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Out of Town

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Author Charles Dickens
Genres Prose: Leading Article i
Prose: Travel-writing i
Subjects Great Britain—Description and Travel
Travel; Tourism; Hotels; Resorts; Seaside Resorts—Fiction; Passports;
Other Details
Printed : 29/9/1855
Journal : Household Words
Volume : Volume XII
Magazine : No. 288
Office Book Notes
Views : 751

Dickens and his family were resident in Folkestone at 3 Albion Villas, 'a very pleasant little house overlooking the sea' (Pilgrim, Vol. VII, p. 675), from mid-July until mid-October, when they moved to Paris for seven months.

He here describes the town using the name of its main hotel, the Pavilion (built 1843; the hotel now occupying the site is the third one to be built there). Dickens sent the landlord, James G. Breach, a proof of the article and reported to Wills that Breach was 'in the Seventh Heaven of Delight and wants 500 copies of the No.'; these should be sent to him gratis as 'he was so extraordinarily kind to me when I was ill, that I am glad of the opportunity of being able to make the little present' (Pilgrim, Vol. VII, p. 705).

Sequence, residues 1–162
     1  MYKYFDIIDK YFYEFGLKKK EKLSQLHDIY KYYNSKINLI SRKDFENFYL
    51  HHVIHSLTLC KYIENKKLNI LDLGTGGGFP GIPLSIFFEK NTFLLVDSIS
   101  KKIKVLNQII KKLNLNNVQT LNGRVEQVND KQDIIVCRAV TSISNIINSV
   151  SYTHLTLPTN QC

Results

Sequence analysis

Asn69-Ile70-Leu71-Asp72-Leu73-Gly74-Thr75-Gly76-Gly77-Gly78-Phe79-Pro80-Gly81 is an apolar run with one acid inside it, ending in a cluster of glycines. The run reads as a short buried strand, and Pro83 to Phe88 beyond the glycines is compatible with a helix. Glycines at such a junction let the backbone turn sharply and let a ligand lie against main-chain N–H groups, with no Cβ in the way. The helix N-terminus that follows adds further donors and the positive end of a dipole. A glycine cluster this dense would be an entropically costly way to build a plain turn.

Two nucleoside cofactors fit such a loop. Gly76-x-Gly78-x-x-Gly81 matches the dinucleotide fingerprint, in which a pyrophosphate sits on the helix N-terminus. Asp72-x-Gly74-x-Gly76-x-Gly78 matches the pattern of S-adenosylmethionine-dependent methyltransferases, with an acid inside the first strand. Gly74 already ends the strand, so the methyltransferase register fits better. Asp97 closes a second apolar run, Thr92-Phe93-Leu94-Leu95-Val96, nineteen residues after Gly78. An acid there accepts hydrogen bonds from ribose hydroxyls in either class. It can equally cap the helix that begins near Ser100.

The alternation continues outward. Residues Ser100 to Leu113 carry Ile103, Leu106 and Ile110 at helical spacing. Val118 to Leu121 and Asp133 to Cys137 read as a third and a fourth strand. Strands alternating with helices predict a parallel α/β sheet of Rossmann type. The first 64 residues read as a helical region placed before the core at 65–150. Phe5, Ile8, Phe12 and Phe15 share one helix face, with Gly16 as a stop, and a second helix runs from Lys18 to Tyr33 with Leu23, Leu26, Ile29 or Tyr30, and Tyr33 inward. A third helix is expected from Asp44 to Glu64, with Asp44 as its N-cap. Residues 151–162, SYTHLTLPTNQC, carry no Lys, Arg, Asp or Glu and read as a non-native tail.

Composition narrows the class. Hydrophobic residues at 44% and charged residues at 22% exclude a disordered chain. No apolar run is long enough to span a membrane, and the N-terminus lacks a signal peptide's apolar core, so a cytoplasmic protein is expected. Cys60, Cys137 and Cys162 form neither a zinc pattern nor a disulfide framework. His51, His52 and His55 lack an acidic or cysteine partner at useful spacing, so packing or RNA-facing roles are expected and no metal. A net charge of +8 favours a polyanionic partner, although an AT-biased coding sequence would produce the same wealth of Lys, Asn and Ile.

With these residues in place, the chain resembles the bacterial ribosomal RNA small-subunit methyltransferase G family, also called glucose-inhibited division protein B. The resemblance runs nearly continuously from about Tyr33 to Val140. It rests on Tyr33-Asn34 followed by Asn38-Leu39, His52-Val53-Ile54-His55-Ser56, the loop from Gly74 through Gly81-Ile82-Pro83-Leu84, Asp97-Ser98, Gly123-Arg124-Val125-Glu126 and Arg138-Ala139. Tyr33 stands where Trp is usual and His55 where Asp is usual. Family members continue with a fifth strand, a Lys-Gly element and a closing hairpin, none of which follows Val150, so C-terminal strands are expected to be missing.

Literary allusions

  • 'the last man': playful allusion to Thomas Campbell's poem 'The Last Man' or to Mary Shelley's novel with this title (1826).


Edwin S. and Mary S. Harkness Collection, Manuscripts and Archives Division, New York Public Library (Astor, Lennox and Tilden Foundations). This shows a few variants from the printed text (the reference to the burial-ground on p. 327 was evidently added in proof, for example) and a cancelled incomplete continuation of the second paragraph of the essay, as follows:

I remember that I passed into another city which was not deserted but over-peopled, and where there was a suffocating heat and closeness. Smoke hung upon it, and the ways were paved with ashes. I went at night into a place where two hundred men, each representing many and corresponding with many, were met together in very grave, very earnest discussion. Said one of them to the rest 'My friends, from this paper you learn, on his own avowal, how a Prison-magistrate sent two of our order—two of us—to jail, for what? For

[In the Dent edition, this leads into 'Out of Town': 'Sitting, on a bright September morning...]

Author: Michael Slater; © J. M. Dent/Orion Publishing Group, Dickens' Journalism Volume III: 'Gone Astray' and Other Papers from Household Words, 1851-1859, 1998.

DJO gratefully acknowledges permission to reproduce this material.

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